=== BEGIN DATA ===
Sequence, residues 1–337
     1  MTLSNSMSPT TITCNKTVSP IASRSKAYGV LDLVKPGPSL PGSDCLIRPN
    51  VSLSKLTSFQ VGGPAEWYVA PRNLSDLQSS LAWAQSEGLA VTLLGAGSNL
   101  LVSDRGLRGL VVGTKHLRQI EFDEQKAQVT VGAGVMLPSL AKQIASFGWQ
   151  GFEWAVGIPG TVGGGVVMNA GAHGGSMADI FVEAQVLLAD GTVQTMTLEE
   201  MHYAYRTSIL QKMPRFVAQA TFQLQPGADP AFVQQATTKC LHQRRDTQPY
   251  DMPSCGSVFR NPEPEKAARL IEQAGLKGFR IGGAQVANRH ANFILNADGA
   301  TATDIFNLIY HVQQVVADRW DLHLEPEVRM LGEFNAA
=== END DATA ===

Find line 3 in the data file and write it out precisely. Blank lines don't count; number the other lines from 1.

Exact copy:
    51  VSLSKLTSFQ VGGPAEWYVA PRNLSDLQSS LAWAQSEGLA VTLLGAGSNL